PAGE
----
The Alpha Dog: Why the Term Is Dead and Dying In The NBA

Josh DelpContributor ISeptember 20, 2010

Kobe: "I appreciate those kind words you had to say about me Shaq."
Kobe: "I appreciate those kind words you had to say about me Shaq."Lisa Blumenfeld/Getty Images

I read a satirically written article on Bleacher Report the other day about Kobe Bryant that pointed to all of the reasons people hated on Kobe Bryant. One of the many insults the author runs through includes the fact that if Kobe didn’t have Pau Gasol or Shaquille O’Neal, he would not have had five rings right now. His inability to coexist with Shaq led to the team’s separation and the end of something that could have been much bigger.

Kobe Bryant is the poster boy for the “alpha dog” moniker in the NBA. At least, he was. With time, he has learned that success in basketball cannot be had by an individual player. It takes a TEAM effort to win, a theory some people don’t seem to subscribe to with all of this “who’s the best player” talk.

Kobe’s worst years in the league came after Shaq left the Lakers. Kobe was a mess. Yes, he was the proverbial alpha dog during that period. But what happened? He had no supporting cast. A guy as proud and talented as Kobe wasn’t very accepting of the team because they weren’t clicking and they weren’t winning. He didn’t think his team could win. Those are the ingredients of an 81-point game. Those are also the ingredients of ill-advised and hasty trade demands. He almost became a Bull for those of you who forgot.

Once the Lakers were gift-wrapped Paul Gasol from the Grizzlies, they were considered instant championship contenders. Why? One, because they have Kobe, and two because they received a second top-tier talent to HELP the TEAM win. And the rest is history. Kobe will be the first one to point to the reason why he has had recent success.

As everyone is well aware, Lebron James, Dwyane Wade, and Chris Bosh are all on the same team now after being the number one option on their previous teams. One of the many questions that they have received is “who will get the ball in crunch time” or “how will your egos coexist with each other?” Look, these guys are buddies. They will have no problem stepping aside and letting the other have the limelight. In the end, who cares if James, Wade, Bosh, or even Mike Miller gets the ball in crunch time? As Coach Herm Edwards uttered the infamous phrase: “You play to win the game.” It’s as simple as that. If you don’t go into it with that kind of mindset, then you won’t get much accomplished. These guys joined forces to win. That’s what they care about most. I’m pretty sure they aren’t that torn apart about leaving their teams for greener pastures. Did James and Bosh give up and bail on their teams? Yes. Do they have a greater opportunity to win now as opposed to where they were? Absolutely. And it’s all because they want to win and they went after the greatest chance to do so. James had a great team in Cleveland. By all accounts, he could have won there had he stuck around in my opinion. Bosh had a mediocre team in Toronto. He couldn’t have won there, so he left.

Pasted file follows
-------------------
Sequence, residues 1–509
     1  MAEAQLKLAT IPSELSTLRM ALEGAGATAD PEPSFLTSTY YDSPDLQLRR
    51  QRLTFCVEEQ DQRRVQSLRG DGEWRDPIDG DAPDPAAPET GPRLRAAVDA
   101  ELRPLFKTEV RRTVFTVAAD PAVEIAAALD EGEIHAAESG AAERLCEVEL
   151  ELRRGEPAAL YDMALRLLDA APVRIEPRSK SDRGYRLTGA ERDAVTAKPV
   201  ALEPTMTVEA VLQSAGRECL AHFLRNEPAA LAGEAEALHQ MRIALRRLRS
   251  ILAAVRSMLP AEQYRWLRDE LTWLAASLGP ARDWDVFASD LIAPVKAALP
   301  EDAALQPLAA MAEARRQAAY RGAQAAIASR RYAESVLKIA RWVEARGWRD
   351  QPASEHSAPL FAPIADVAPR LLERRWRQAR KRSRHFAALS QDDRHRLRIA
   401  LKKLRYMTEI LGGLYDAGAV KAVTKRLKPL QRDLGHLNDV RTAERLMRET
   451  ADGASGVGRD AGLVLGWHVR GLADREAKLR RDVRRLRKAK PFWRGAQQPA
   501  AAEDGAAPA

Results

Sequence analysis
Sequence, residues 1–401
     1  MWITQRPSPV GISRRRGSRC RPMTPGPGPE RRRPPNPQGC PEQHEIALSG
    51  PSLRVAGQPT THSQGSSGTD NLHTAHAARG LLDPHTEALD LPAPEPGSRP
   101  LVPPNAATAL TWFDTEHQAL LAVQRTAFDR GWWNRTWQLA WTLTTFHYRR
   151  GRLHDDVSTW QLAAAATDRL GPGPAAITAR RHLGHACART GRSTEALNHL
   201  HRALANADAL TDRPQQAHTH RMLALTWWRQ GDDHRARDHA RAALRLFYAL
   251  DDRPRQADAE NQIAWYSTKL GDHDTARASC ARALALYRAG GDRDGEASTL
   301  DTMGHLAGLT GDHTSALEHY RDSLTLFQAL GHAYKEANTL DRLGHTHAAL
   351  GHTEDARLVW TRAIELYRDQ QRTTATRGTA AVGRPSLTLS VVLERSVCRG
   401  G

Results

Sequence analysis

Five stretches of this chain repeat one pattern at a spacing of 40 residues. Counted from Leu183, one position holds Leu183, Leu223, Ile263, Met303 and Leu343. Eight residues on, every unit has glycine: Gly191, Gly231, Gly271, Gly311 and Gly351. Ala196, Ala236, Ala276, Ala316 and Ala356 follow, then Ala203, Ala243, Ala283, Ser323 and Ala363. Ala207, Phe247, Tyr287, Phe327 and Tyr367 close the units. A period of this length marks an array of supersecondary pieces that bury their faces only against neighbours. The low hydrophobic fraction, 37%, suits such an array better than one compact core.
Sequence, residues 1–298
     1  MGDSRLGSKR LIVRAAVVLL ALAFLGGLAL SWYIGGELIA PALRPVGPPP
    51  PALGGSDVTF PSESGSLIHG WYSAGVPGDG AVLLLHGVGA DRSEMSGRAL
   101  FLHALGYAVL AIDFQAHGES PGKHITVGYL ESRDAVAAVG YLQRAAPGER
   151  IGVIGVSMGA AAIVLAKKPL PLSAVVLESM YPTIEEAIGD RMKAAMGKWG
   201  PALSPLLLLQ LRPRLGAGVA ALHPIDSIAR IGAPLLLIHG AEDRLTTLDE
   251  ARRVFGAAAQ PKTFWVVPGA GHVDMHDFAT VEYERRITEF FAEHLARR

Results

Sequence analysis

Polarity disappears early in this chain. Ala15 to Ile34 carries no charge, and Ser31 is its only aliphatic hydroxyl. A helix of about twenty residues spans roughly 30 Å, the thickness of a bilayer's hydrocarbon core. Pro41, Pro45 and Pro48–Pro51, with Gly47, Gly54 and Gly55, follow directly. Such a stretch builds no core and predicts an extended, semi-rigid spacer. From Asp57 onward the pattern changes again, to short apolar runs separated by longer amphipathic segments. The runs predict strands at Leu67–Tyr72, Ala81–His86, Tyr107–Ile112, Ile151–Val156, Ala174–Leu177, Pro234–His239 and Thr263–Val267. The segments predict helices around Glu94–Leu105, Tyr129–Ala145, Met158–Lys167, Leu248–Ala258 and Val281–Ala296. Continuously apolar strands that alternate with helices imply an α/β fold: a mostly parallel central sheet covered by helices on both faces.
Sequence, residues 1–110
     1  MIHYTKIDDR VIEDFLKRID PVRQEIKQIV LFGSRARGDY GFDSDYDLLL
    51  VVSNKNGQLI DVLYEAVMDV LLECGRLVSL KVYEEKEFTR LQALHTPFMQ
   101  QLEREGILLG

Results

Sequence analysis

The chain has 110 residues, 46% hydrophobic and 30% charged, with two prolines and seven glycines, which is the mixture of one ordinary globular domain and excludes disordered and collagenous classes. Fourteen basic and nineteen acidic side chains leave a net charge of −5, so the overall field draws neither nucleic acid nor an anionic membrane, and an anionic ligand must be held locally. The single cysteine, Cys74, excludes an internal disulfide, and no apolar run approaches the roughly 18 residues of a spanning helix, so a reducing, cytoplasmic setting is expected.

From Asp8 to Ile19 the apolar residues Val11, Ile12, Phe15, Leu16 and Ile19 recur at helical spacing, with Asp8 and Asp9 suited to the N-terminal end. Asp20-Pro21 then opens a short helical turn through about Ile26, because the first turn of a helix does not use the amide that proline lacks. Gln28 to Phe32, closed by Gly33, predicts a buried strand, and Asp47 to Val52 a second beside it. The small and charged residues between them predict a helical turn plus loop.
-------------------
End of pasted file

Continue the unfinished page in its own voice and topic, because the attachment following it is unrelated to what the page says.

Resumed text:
Amare Stoudemire was in a great situation with a Hall of Fame point guard in Steve Nash, but he fled to the Knicks, partly because he wanted to be the alpha dog. There’s that pesky phrase again. When three guys forfeit their position as the featured guy on a team and join together (i.e. James, Wade, and Bosh), they form a force to be reckoned with. When one guy leaves a successful team to join another not so successful one to get more money and to be a go-to guy (i.e. Stoudemire), then you get a team in flux that won’t win many games. I applaud James and Bosh’s decision to play with one another. They will be sacrificing point production, but they will be gaining so much more. It’s a no-brainer.

I struggle to understand the people who criticize Bosh and especially James for not staying loyal to their teams and trying to win a title by themselves. I’m all for the loyalty part, but these guys aren’t trying to “win one by themselves.” It’s a team game!

How many elite talents in the NBA have won a title without another elite talent? None! Not one! Let’s look at the past champions: the Lakers (Bryant and Gasol; Bryant and Shaq), Celtics (Garnett, Pierce, and Allen), Heat (Wade and Shaq), Spurs (Duncan, Ginobili, and Parker), Pistons (…their whole starting lineup!), Bulls (Jordan and Pippen), Rockets (Olajuwon, Smith, and Drexler). Do you see what I’m getting at? Not only do you need more than one elite athlete, but you need a cohesive unit that complements each other’s game. That’s one of the main reasons why “Miami Thrice” came to fruition. Shortly after Lebron made is ill-conceived “Decision,” people were already asking if the Heatwere now favorites to win it all. Well, at that point there were only four guys committed and under contract for the team (James, Wade, Bosh, and Mario Chalmers)! I don’t think they had much of a shot with players on the roster, but that’s just me.

Next time you question Lebron’s or Kobe’s motives, understand what they are striving towards. Understand their competitive drive. Understand their hunger for success. Understand, ultimately, their desire to put to death the “alpha dog.”


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